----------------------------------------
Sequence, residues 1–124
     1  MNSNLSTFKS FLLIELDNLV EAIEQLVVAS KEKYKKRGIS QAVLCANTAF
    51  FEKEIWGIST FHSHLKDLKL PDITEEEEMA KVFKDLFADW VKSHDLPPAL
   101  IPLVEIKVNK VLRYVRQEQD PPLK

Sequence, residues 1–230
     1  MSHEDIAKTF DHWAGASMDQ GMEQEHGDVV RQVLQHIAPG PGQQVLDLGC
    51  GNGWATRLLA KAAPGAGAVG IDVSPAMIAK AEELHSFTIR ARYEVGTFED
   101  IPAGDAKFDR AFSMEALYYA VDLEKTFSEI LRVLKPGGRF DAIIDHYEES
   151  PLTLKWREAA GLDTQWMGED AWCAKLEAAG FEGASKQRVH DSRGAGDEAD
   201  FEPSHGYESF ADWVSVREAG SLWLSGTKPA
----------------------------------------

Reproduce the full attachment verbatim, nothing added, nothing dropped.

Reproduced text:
Sequence, residues 1–124
     1  MNSNLSTFKS FLLIELDNLV EAIEQLVVAS KEKYKKRGIS QAVLCANTAF
    51  FEKEIWGIST FHSHLKDLKL PDITEEEEMA KVFKDLFADW VKSHDLPPAL
   101  IPLVEIKVNK VLRYVRQEQD PPLK

Sequence, residues 1–230
     1  MSHEDIAKTF DHWAGASMDQ GMEQEHGDVV RQVLQHIAPG PGQQVLDLGC
    51  GNGWATRLLA KAAPGAGAVG IDVSPAMIAK AEELHSFTIR ARYEVGTFED
   101  IPAGDAKFDR AFSMEALYYA VDLEKTFSEI LRVLKPGGRF DAIIDHYEES
   151  PLTLKWREAA GLDTQWMGED AWCAKLEAAG FEGASKQRVH DSRGAGDEAD
   201  FEPSHGYESF ADWVSVREAG SLWLSGTKPA